• Observations at school and during the administration of the standardised tests
  • Review of school records

Step 3: Assessment Report

Once the assessment is complete, we write a comprehensive report that integrates and summarises the findings. The report typically includes the following:

  • The reason(s) the child was referred for an assessment
  • The child’s background, including educational history
  • A description of the tests administered, test results and interpretation of those results
  • Recommendations to solve and/or decrease the severity of the child’s difficulties. These recommendations are interventions that are designed specifically for the child and can be implemented at school and/or at home.

Step 4: Feedback Session(s)

After the child’s report is completed, we meet with the parents to discuss the report, including the recommendations. If it is helpful, we can also meet with the teachers, along with the parents, at the child’s school to review the report and discuss how the recommendations could be implemented.


We provide expert services in assessing a comprehensive range of problems experienced by children, teenagers and adults including

  • ADHD – Includes problems with attention, concentration and focusing, hyperactivity, restlessness, impulsivity
  • Anxiety disorders – Social Anxiety Disorder (SAD), Generalized Anxiety Disorder (GAD), Obsessive – Compulsive Disorder (OCD) and Separation Anxiety Disorder
  • Mood Disorders – Dysthymic Disorder, Major Depressive Disorder (MDD), Bipolar Disorder
  • Oppositional Defiant Disorder (ODD) – Includes problems with defiance, oppositonality and anger management
  • PTSD and Acute Stress Disorder – Includes problems arising problems with traumatic experiences such as physical and sexual abuse and exposure to violence

These assessments usually include comprehensive interviews(s) with the client and, if appropriate, family members. We also administer standardized questionnaires to better understand the nature and severity of the problems.

Following the completion of the assessment, we meet with the client or client’s parents to discuss the assessment results, conclusions and recommendations. Based on the parents or client’s preference, we can prepare a written report which includes the client’s reason for referral, background information, assessment results, conclusions and recommendations.


Our assessment of Autism or Autistic Spectrum Disorder (ASD) are both comprehensive and are designed to fully understand a child’s individual strengths and weaknesses. Unfortunately, many psychology and medical practitioners in Hong Kong tend to diagnose this disorder merely based on observations and parent or self-report during a one-to-two-hour meeting. In contrast, we integrate information form observations of the client, family and, if appropriate, teacher interviews with the “gold standard” for assessing Autism, the ADOS-2.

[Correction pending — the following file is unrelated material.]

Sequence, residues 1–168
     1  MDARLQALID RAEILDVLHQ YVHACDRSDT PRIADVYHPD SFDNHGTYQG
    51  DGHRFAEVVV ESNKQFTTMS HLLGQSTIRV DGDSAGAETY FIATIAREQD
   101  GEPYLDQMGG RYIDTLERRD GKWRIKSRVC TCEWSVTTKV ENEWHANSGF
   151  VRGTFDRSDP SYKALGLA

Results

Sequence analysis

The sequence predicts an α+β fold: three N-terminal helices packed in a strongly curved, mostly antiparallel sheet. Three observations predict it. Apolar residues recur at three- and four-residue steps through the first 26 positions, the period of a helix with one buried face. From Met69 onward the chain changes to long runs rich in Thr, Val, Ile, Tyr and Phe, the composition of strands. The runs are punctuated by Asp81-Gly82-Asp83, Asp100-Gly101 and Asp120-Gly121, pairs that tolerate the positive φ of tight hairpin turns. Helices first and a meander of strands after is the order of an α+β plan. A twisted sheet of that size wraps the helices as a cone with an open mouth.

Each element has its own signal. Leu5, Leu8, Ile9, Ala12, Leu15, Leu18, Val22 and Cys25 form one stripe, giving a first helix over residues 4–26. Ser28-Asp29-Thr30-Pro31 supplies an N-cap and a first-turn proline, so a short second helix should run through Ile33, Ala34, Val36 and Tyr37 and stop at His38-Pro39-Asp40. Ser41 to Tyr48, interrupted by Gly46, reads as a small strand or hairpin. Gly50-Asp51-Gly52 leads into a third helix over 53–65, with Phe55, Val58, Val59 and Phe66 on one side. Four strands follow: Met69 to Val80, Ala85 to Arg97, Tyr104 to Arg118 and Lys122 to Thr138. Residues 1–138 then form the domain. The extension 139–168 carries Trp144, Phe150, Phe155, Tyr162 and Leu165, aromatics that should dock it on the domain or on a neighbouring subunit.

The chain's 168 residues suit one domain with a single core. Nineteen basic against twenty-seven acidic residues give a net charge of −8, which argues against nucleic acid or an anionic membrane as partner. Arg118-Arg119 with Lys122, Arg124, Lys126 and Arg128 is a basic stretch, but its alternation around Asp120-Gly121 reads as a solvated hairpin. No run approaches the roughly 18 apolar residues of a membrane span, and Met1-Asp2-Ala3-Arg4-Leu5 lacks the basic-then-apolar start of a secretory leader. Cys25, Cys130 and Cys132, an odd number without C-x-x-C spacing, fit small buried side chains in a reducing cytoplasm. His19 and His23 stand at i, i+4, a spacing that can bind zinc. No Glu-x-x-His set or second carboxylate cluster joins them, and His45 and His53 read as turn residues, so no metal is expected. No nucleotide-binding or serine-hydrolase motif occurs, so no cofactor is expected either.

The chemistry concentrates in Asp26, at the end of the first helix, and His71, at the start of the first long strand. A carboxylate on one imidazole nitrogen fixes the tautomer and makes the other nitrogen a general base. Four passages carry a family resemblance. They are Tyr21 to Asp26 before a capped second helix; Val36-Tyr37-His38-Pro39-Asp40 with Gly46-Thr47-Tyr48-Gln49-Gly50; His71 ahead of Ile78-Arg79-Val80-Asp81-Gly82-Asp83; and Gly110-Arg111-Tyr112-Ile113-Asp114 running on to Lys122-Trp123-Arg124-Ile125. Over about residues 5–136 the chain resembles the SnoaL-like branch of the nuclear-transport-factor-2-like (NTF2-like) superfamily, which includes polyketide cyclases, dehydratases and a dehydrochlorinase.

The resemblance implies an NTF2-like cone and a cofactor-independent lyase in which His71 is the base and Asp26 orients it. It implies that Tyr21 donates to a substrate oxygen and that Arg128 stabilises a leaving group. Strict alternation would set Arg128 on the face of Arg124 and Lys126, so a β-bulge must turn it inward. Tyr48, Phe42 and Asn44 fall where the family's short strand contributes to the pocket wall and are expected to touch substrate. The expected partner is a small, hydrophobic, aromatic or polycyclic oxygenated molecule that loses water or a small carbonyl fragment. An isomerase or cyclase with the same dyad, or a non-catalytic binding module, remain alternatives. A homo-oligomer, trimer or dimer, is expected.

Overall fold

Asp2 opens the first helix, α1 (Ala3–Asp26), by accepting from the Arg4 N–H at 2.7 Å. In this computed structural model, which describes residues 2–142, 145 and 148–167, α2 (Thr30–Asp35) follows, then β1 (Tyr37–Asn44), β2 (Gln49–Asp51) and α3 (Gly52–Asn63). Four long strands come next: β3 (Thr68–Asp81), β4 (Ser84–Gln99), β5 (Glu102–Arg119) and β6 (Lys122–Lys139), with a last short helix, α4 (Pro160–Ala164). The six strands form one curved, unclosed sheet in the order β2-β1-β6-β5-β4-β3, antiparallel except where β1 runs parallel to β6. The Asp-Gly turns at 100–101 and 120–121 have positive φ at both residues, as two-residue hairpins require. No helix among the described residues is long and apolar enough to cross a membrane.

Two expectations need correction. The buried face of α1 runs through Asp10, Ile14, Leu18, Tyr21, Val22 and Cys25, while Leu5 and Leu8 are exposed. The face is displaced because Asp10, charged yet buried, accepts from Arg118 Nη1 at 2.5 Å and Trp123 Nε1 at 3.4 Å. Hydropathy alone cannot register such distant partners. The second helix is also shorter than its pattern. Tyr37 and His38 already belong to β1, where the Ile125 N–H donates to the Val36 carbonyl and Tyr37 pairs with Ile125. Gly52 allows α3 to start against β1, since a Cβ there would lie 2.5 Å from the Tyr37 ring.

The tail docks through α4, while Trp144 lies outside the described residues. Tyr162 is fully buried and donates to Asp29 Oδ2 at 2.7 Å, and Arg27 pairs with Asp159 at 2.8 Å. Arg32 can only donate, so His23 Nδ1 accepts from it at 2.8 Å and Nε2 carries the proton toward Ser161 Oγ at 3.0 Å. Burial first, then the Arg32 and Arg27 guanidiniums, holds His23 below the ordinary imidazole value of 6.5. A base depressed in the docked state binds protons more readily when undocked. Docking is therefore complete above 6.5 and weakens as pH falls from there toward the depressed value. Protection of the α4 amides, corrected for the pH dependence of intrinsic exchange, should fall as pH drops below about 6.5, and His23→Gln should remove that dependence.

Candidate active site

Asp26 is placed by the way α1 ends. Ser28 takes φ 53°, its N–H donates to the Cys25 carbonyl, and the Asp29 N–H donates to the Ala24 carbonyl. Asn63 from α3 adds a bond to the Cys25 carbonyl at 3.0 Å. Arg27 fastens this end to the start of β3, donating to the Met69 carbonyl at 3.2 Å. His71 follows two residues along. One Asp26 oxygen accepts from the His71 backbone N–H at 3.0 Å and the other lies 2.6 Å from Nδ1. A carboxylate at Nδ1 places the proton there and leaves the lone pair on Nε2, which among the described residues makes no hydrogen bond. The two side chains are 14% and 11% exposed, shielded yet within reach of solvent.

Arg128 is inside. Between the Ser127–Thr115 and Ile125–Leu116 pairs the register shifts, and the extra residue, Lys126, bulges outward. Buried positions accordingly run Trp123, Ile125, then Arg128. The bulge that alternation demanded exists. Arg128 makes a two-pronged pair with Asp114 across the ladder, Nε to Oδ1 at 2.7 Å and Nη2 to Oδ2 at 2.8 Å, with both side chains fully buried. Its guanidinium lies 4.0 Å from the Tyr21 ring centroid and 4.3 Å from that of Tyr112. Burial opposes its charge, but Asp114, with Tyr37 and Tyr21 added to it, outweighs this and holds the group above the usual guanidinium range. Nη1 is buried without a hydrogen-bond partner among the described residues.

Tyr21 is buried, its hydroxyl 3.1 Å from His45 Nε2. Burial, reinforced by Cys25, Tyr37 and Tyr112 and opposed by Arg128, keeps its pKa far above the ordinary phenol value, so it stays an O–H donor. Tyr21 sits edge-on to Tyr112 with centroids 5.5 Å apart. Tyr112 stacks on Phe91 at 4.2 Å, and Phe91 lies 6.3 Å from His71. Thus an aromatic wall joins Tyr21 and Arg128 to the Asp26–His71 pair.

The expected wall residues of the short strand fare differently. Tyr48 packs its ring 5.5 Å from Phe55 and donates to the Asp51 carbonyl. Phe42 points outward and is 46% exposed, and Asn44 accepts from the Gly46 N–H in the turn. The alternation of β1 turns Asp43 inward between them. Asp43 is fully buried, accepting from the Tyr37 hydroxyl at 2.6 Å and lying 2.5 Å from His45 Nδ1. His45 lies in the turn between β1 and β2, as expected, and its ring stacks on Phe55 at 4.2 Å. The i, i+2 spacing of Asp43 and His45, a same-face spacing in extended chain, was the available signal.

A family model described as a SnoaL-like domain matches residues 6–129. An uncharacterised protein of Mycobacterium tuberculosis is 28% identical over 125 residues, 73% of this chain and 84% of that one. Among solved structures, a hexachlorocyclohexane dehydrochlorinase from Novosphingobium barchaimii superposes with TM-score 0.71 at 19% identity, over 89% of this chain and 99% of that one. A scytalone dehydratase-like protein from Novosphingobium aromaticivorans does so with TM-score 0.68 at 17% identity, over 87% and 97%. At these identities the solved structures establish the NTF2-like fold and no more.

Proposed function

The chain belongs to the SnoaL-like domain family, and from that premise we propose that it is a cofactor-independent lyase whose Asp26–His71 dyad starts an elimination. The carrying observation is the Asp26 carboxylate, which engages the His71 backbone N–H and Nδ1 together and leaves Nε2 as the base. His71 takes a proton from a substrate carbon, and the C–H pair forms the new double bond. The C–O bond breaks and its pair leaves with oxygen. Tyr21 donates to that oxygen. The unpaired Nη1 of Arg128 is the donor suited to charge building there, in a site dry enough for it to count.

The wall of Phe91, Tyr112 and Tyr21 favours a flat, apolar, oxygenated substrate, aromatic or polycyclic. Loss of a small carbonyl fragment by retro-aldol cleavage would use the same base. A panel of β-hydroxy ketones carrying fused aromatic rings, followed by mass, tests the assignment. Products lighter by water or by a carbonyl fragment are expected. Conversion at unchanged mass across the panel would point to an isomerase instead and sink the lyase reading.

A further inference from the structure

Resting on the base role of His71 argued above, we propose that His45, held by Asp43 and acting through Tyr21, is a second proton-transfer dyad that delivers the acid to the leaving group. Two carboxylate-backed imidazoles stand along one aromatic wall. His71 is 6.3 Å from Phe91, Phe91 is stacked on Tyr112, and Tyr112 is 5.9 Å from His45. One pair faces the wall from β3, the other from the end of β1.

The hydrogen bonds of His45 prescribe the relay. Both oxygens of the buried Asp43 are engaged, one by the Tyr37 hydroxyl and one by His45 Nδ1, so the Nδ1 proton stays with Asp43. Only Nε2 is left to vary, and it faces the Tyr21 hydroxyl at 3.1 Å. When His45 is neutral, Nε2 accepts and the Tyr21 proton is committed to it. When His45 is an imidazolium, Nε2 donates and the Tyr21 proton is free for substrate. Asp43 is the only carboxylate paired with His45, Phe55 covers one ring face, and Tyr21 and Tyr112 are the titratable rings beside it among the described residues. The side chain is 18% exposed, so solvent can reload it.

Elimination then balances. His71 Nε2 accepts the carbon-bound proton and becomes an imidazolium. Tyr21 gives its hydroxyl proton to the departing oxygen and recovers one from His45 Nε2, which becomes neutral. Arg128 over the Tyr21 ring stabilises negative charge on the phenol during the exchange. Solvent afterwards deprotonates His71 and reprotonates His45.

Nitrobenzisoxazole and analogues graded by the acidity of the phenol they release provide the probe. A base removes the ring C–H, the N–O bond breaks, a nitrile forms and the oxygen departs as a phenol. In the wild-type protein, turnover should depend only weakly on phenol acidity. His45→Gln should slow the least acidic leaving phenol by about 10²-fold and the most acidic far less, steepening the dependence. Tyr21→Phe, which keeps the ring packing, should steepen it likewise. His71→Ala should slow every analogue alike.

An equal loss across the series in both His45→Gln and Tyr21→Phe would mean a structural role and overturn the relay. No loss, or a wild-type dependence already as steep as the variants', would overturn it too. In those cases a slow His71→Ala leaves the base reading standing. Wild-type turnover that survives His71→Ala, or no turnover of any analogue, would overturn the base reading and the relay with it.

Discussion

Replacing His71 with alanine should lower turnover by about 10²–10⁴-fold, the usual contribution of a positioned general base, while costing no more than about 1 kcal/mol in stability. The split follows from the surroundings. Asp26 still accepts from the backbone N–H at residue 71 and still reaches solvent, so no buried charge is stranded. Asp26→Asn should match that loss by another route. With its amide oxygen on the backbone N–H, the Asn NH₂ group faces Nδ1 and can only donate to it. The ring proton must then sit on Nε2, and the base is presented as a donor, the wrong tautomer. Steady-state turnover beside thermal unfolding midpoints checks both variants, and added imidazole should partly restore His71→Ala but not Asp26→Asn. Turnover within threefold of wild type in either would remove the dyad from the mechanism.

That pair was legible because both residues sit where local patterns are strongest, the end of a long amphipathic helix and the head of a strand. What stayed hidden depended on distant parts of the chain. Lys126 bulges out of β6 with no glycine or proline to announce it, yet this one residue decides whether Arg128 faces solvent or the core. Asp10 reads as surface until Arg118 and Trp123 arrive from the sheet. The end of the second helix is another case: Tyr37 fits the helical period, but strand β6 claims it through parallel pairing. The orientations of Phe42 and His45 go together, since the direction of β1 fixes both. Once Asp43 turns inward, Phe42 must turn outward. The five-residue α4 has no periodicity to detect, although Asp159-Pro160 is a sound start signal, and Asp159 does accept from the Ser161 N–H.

Once the assessment is complete, we write a comprehensive report that includes the client’s reason for referral, background information, assessment results, conclusions, diagnosis (if any) and recommendations. We then meet with the parent and/or client to discuss the report and answer any questions.


Parents are often worried and upset when they are ordered to undergo an evaluation to determine custody and/or visitation. The prospect of going to court and appearing before judges, solicitors and barristers is enough to make anybody nervous. Excessive worry is not necessary, however as there are ways to navigate this process successfully

If parents are unable to reach an agreement about custody and/or visitation, the judge may order a forensic evaluation. A forensic evaluation, also called a custody evaluation, is an objective assessment of the needs of each child and the ability of the parents to meet them. It is a way of gathering information to help the judge make a decision. The court is trying to determine who the child should live with and who should be responsible for making decisions on his or her behalf as well as visitation arrangements. Married couples, domestic partners and any couples who have children together, may be asked to participate in a custody evaluation for the best interests of the child.

When it comes to custody litigation and evaluations, rumors abound. Some people say: “The court always decides in favor of the mother.”; “The judge doesn’t like gay parents.”; “Fathers always end up stuck with the bill.” Unlike solicitors and barristers whose job is to advocate for their client, the custody evaluator, a psychologist, maintains a neutral role in the process. The psychologist does not work for either side but rather collects and organizes information in order to prepare a report to be submitted to the court. Sometimes, the psychologist is asked to make a recommendation. The report might highlight things about the case that the judge did not know and that will help him or her make a fair decision.

The Adler Family Centre has considerable experience conducting custody evaluations. We have worked directly with judges, solicitors and barristers. In addition to expertise with a variety of psychological testing (personality measures and custody questionnaires, admissions tests), we have expertise in working with children in school and individual settings. We know how to establish rapport with any child so that families will feel at ease throughout the custody evaluation process.